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}} [[Image:Main_church.JPG|thumb|The Patriarchal Stavropegic Monastery of St John the Baptist]]
The '''Patriarchal [[Stavropegic]] Monastery of St John the Baptist''' is a [[monastic]] community for both men and women, directly under the [[Church of Constantinople|Ecumenical Patriarchate]]. It is located in Tolleshunt Knights, Maldon, Essex, England.
The community was founded in 1959 by Elder [[Sophrony (Sakharov)]], under the jurisdiction of His Eminence Metropolitan [[Anthony (Bloom) of Sourozh|Anthony]], Metropolitan of [[Diocese of Sourozh|Sourozh]] and ruling [[Church of Russia|Russian]] bishop in England, with six monastics from a number of nations; soon after, in 1965, the Monastery moved under the direct jurisdiction of the Ecumenical Patriarchate. [[Image:Saints_mosaic.JPG|thumb|Saints Mosaic]]
The community consists of men and women living the monastic tradition of a Christ-centered prayer life for the monastic members. Currently, the majority of the community are nuns (~15-20), with a smaller number of monks.
When founding the monastery, Elder Sophrony wanted to be sure that his community would not just have outward conformity, but have its focus on inner asceticism. The [[typikon]] of the monastery, consisting of repetition of the [[Jesus Prayer]] for approximately 4 hours per day and [[Divine Liturgy]] three or four times per week, found inspiration in Elder Sophrony's experience in the Athonite desert, and precedent in Athonite skete practise, St [[Nicodemus of the Holy Mountain|Nicodemus]] and St [[Paisius Velichkovsky]].
Also, another distinctive part of this monastery is that it is a double monastery; that is, the community has both [[monks]] and [[nuns]]. This is rare, but is not unheard of, in Orthodox monasticism.
The Patriarchal Stavropegic Monastery of St John the Baptist had its beginnings largely in the person of Elder Sophrony. After his departure from Mt Athos and his subsequent move to Paris, he was to live in a Russian old-age home, assisting the priest. Soon, two men would seek out Elder Sophrony, desiring the monastic life. They were allowed to live at the old-age home, using the repetition of the Jesus Prayer in lieu of liturgic books and eating the food that the old-age inhabitants didn't eat. There were also a few nuns living at the old-age home at this time.
In 1958, Elder Sophrony had six people living around him, seeking the monastic life. Realising that such a situation could not continue, he went to Tolleshunt Knights, Maldon, Essex, England to inspect a property; in the spring of 1959, the new Community of St John the Baptist was formed at the same property, under Metropolitan [[Anthony (Bloom) of Sourozh|Anthony]]'s omophorion. The monastery, from its beginnings, had both monks and nuns, due to Elder Sophrony being unable to oversee two separate communities.
The Monastery of St John the Baptist moved under the omophorion of the Ecumenical Patriarchate in 1959, becoming Patriarchal; later, the monastery would also be titled 'Stavropegic'.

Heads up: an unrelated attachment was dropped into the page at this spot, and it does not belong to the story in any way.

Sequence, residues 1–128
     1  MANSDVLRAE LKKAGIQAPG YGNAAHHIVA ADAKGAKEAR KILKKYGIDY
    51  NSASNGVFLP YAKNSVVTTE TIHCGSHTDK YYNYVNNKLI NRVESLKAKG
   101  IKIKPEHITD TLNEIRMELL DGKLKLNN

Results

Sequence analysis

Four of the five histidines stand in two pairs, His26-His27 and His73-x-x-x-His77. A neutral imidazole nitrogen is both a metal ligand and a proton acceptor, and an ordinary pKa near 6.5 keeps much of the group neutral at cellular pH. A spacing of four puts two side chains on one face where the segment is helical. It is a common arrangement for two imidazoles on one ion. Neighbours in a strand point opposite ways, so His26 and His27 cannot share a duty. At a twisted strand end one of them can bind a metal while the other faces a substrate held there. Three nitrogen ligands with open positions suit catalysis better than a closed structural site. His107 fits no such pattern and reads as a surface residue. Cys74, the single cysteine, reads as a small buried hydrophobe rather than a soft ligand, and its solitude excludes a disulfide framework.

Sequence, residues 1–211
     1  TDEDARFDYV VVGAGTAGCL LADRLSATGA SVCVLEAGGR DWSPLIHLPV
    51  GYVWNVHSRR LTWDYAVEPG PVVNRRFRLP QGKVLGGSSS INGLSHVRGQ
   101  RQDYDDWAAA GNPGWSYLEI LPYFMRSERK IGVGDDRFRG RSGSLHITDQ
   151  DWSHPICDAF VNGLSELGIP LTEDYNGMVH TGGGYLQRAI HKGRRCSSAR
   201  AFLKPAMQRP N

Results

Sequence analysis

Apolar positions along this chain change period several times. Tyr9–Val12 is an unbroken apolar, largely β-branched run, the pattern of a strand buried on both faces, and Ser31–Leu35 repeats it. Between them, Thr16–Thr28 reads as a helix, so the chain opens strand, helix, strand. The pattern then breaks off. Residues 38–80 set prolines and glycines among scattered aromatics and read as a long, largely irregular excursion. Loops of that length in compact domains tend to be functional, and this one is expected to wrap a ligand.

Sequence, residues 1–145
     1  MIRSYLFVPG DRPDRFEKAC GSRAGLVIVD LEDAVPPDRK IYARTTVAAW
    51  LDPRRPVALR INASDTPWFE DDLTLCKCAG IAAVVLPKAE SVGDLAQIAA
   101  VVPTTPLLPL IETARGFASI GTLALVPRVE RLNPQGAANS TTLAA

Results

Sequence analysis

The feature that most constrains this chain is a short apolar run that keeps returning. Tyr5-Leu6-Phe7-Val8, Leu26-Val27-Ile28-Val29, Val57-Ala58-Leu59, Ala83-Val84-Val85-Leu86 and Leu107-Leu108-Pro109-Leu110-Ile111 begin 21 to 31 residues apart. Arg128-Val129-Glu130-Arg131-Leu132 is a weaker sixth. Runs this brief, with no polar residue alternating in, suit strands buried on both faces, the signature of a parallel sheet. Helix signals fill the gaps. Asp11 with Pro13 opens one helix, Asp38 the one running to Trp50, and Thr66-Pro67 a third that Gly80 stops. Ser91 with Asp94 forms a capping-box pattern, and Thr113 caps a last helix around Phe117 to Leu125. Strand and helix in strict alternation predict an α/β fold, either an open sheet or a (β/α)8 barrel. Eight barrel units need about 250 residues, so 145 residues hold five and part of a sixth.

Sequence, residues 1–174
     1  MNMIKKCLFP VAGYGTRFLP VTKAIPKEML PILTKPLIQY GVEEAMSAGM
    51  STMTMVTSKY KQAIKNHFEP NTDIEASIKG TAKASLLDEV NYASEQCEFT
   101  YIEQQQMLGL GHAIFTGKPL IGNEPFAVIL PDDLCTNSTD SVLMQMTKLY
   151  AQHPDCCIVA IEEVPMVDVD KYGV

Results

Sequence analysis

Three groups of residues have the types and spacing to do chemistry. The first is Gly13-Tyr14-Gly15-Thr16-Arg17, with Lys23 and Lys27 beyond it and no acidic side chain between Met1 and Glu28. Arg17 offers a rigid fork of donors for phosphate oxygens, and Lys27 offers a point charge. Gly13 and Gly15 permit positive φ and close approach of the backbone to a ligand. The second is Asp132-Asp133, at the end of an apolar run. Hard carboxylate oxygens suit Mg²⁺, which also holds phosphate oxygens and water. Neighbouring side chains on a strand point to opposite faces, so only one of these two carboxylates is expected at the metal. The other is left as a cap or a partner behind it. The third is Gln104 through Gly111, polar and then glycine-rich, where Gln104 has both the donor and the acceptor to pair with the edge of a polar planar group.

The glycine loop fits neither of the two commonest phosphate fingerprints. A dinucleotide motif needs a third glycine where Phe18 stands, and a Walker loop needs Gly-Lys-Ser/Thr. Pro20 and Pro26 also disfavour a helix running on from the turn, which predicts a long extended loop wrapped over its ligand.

==='''Repose of Elder Sophrony'''=== [[Image:Reposed_Elder_Sophrony. JPG|thumb|Repose of Elder Sophrony, 11th July 1993]]The monastery had been informed that the only way that it could bury people on its property was to build an underground crypt, which it proceeded to build, and to which Elder Sophrony said that he would not repose until the crypt was ready. Then, having been told of the expected completion date of 12 July, Elder Sophrony stated that he "would be ready". On the 11th, Elder Sophrony reposed; and on the 14th was his funeral and burial, attended by monastics from around the world. Mother Elizabeth, the eldest nun, reposed soon after on the 24th, according to Elder Sophrony's words that he would repose first, and she would repose soon after.
==Cycle of services==
One of the motivating factors behind Elder Sophrony's move to France was the publishing of St Silouan's books; when Elder Sophrony moved to England, the monastery became the publisher of these works. In 1973, a more complete translation of the life of St Silouan, titled ''Monk of Mt Athos'', was published; followed in 1975 by ''Wisdom of Mt Athos'', a collation of the writings of St Silouan. After this, Elder Sophrony began to publish books of his own, beginning with ''His Life is Mine'' in 1977 and then ''We Shall See Him As He Is'' in 1985.
In 1987, the Holy Synod of the Ecumenical Patriarchate glorified St Silouan the Athonite.
===Books published by the Monastery===
* ''Monk of Mt Athos'', by Archimandrite Sophrony (Sakharov), 1973.* ''Wisdom of Mt Athos'', by Archimandrite Sophrony (Sakharov), 1975.
* ''His Life is Mine'', by Archimandrite Sophrony (Sakharov), 1977.
* ''We Shall See Him As He Is'', by Archimandrite Sophrony (Sakharov), 1985.
*[[Sophrony (Sakharov)|Elder Sophrony]], the first Abbot, 1959-1993.
Kyrillos, second abbot, 1993-present.
*Archimandrite [[Zacharias (Zacharou)|Zacharias]], disciple of Elder Sophrony for 27 years at [[St. Panteleimon's Monastery (Athos)|St. Panteleimon's Monastery]], [[Mount Athos|Mt. Athos]]. [http://www.orthodoxtapes.org/st_silouan.htm]
*Archimandrite [[Nicholas (Sakharov)|Nicholas V Sakharov]], nephew of Elder Sophrony, author of ''I Love Therefore I Am''.
*Sister Magdalen, noted speaker, author of ''Children in the Church Today'' & ''Conversations with Children: Communicating our Faith''. [http://www.christthesavioroca.org/SrMagdalen.html], [http://www.stgeorgecathedral.net/youth/index.html]
*Sister Maria, mosaic iconographer. [http://www.mosaicmatters.co.uk/features/sistermaria.htm]